Student Accessibility Services: FAQs
Student Accessibility Services (SAS) works in partnership with students, faculty and staff to develop and implement accommodations that provide qualified students with equal access to academic programs. Student Accessibility Services is one of the three offices that together comprise the Center for Academic Advancement: Academic Advising Center, Tutoring Services and Student Accessibility Services.The following is a list of frequently asked questions.
1. How are accommodations determined?
Accommodations are based on documentation and the recommendations of an outside evaluator, case law, consultation with the student, and best practice. We do not determine accommodations, rather we administer them.
Documentation and/or established history of disability is required for a student to receive accommodations, as established by the Educational Testing Services (ETS) and the Association on Higher Education and Disability (AHEAD).
Testing must be done by a qualified, licensed, independent practitioner. Depending on the disability, this may be a physician, psychologist, or learning disability specialist. A listing of local practitioners can be provided upon request.
2. Are services ever denied?
Yes. Students who fail to establish that they have a disability that impacts one or more major life activities or do not provide adequate documentation may be denied services. Also, accommodations that are not supported by the documentation or aren't appropriate at the postsecondary level, e.g. modified curriculum, will not be included on the Academic Accommodation Plan. We do work to support the student as fully as possible, so even if they do not qualify for academic accommodations or services through SAS, we partner with the other campus resources, including our partners of the Center for Academic Advancement offices—Tutoring Services, the Academic Advising Center, and other campus and community resources - to identify and provide resources to meet the academic needs of Ithaca College students.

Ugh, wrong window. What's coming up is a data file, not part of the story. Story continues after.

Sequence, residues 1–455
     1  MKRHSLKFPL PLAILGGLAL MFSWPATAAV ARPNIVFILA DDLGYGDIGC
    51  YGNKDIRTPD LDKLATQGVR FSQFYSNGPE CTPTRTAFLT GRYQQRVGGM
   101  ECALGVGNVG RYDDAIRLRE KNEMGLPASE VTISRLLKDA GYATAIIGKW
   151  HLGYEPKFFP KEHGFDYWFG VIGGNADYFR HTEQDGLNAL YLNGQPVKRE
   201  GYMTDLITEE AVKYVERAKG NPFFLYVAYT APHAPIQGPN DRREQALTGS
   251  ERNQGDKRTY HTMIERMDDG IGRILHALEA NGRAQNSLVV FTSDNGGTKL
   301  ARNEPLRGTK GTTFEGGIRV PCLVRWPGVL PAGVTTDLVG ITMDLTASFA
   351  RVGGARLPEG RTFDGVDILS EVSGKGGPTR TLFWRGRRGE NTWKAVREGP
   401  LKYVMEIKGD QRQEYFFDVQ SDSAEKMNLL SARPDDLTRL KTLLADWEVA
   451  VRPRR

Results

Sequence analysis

3. Sometimes we aren't notified about a student’s accommodations until mid-semester or later. Why is that?
There are many reasons that faculty may not be notified about a student at the beginning of the semester including delayed receipt of documentation, student referred mid-semester, referral related to sudden onset of illness or injury, etc.
As soon as SAS has the necessary documentation and the student elects to use services, we notify the faculty after getting permission from the student to share the Academic Accommodation plan and/or other necessary information.
4. Do I have to accommodate the student retroactively?
Accommodations are effective when you receive the Academic Accommodation Plan from Student Accessibility Services. While you do not need to accommodate retroactively, we do encourage faculty to engage in an interactive process to evaluate the request/nature of concern on a case-by-case basis. You can certainly call us in Student Accessibility Services if you have a concern about late implementation of accommodations.
5. Can faculty provide accommodation without an academic accommodation plan from Student Accessibility Services?
We don't recommend it. In the absence of documentation, there is no way for a faculty member to know if the request for accommodation is necessary. If a student asks for an accommodation but you have not received an Academic Accommodation Plan from our office, please refer the student to SAS.
6. Who is responsible for providing testing accommodations?
This is a shared responsibility. Whenever possible, faculty are encouraged to provide the accommodation themselves. This allows students to address questions related to the exam directly to faculty rather than through SAS staff. If you are not able to provide the accommodation as specified on the Academic Accommodation Plan, we are here to help.